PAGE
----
Professional web design has become vital during recent years. A few years ago, it was estimated that a visitor to a web site took about 8 seconds to decide to stay on that web site or click the "Back" button. That was then, this is now: Your web site has only about 4 seconds to make an impression on the visitor. That is not much time at all! Today, people want instant results. Few people even wait to see the entire web design before making their decision. If your web design does not grab their attention immediately, they won't stick around. And if your web site does not offer something of benefit, they won't bookmark it and they won't come back (more on that later).
So, with that in mind, let's discuss some practical ways to grab the attention of web site visitors. Then, in a future article, we will talk a little about keeping their attention with good web site content. Remember, people spend most of their time on the Internet reading. They read search results, news items, how-to articles and forums. A professional web design company will take this into account. But that is for later. First, we have to keep visitors attention (remember the 4 second rule).
Get to the Point.
We live in a fast-paced society and we are used to instant results: Microwave meals in 5 minutes, lose 5 pounds in 5 days, 30 minute oil changes, see results from fitness equipment in 20 minutes a day, and on and on.
The Internet is no different and it actually may be less forgiving of web sites that don't deliver results quickly.
The 4 second rule that we spoke of earlier does not mean that your entire web page must load in 4 seconds. Rather, it means that a visitor to your web site has to at least see something interesting within that 4 second window. So, to test your site, while it is loading, ask yourself:
- How much time passes before I see anything?
- What is the first thing I see on the web page?
- How much time passes before I can read some text?
- How long would it take a visitor to determine what the web site is about?
Try this suggestion yourself and then try to enlist the help of some of your friends. The more people you have to test your web site, the more thorough your results will be.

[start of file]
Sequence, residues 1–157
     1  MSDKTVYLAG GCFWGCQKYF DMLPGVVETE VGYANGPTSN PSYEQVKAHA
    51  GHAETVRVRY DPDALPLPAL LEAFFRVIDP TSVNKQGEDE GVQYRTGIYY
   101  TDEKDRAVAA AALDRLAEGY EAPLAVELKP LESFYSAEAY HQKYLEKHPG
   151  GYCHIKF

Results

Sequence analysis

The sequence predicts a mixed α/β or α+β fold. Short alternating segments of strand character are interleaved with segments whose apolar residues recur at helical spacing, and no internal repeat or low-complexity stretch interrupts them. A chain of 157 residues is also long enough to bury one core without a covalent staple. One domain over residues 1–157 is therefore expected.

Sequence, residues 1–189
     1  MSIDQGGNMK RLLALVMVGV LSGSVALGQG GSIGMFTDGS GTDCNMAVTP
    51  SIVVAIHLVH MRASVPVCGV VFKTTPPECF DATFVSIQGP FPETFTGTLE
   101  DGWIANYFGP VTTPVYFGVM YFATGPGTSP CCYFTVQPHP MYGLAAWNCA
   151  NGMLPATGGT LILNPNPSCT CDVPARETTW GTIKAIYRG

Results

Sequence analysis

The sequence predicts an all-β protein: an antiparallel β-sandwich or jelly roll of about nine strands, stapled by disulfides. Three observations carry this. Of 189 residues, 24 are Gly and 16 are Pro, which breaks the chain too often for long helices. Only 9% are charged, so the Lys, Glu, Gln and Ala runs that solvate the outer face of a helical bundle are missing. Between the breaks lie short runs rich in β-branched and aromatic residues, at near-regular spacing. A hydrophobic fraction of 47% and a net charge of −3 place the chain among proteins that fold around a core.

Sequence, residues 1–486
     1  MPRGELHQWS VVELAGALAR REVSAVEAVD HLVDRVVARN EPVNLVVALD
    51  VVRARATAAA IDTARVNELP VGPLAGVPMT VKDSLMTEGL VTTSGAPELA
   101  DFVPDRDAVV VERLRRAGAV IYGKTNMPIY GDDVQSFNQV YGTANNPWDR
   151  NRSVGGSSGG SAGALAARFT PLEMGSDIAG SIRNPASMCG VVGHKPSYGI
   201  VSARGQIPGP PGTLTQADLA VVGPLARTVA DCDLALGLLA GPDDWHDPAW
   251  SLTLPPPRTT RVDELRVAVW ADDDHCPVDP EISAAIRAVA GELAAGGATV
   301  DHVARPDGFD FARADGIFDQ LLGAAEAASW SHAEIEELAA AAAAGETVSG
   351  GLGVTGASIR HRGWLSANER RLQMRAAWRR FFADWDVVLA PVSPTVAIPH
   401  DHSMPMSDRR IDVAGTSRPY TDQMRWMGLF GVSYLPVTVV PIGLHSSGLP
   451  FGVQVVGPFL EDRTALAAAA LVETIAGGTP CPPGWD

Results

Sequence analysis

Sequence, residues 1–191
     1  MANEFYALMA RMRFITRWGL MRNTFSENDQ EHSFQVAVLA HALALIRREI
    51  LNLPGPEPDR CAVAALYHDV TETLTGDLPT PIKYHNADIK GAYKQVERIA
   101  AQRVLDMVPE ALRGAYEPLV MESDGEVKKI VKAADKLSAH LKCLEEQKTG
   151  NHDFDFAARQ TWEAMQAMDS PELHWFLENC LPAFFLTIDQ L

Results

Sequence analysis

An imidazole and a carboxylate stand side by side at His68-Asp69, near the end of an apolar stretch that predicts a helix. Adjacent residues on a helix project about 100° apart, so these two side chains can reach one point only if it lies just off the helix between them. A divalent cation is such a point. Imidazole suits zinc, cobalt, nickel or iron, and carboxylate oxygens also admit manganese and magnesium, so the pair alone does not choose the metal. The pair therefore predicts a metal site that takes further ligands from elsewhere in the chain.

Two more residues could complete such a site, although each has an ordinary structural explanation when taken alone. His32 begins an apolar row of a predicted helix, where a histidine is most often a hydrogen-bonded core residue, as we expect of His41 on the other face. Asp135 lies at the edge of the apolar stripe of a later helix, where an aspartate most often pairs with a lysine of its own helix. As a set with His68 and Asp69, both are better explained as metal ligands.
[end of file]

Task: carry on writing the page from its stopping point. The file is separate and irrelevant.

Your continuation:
Ideally, the site should load top to bottom and left to right. However, your design should adhere to the reading habits of your target audience. Some countries read from right to left so, make sure you know your audience. Also, the most eye-catching elements should load first. Once these load, they will grab the visitor's attention. Then, the rest of the page can finish loading.
What Graphics Format Should I Use?
This is probably one of the most overlooked aspects of web design. How many times have you visited a web site and cringed at the slow loading pictures. I'll bet you did not stick around to see everything load.
In most cases, web sites that have this problem were created by someone who bought a Web Design How-To book, created a web page that says "Hello World" and now think they are an expert. Or, possibly they are learning web design and created this slow loading site as a favor for a friend or family member. At any rate, hiring a professional web design company will prevent bad design from happening to you. In the meantime, here are some very basic guidelines regarding those very important web site graphics:
More about the .JPG file format:
.JPG (Joint Photographic Experts Group) format allows images to contain up to 16 million colors. It also supports Variable Compression, which allows you to reduce the size of the image at the cost of some of the detail. In order to take full advantage of this feature, you will need a graphics program which will allow you to preview the image after you have compressed it. Some of the more popular graphics programs are Photoshop, Fireworks and Corel Draw.
JPG is not a good format for images with only a few colors or for text created as an image. The finished image will be of poor quality.
More about the .GIF file format:
.GIF (Graphics Interchange Format) support up to 256 colors. It also supports "transparency" which allows you to specify the background of the image to be invisible, thereby letting the web page colors show through.
Graphics in this format are also "looseless", meaning the final quality is not adversly affected by compressing.
Boiling it Down.
For the most part, here is a good way to determine what format you should use for the graphics on your web site:
- If your graphic has many colors (such as a photo) use .JPG as the format, However, make sure that the file size is not so large that it prevents the web page from loading quickly. Find a good balance between image quality and file size.
- If your graphic has only a few colors (such as a chart) use .GIF as the format.
Of course, this is somewhat oversimplifying the very important role of graphics in your web site design. If you hire a professional web design company to create your web presence, he or she should follow these guidelines during the design process. You should make sure that the rough drafts you receive from the designer adhere to good design standards.
Make Them Want More.
Of course, no matter how well organized your web site is and how effective it is at grabbing the visitor's attention, they have to view your web site as important. You have to give them reasons to stay and browse your site, to bookmark your site so they can refer to it again and to tell others about your site so you can build new visitors.
- Offer something of value
- Free tips
- Monthly coupons
- Good, quality marketing copy
- Put effort into the words of your web site.
- Remember, the Internet is made up of web pages and for the most part, pages are meant to be read.
- Easy to use web site navigation.
- If visitors can't get around easily on your web site, they won't stay very long.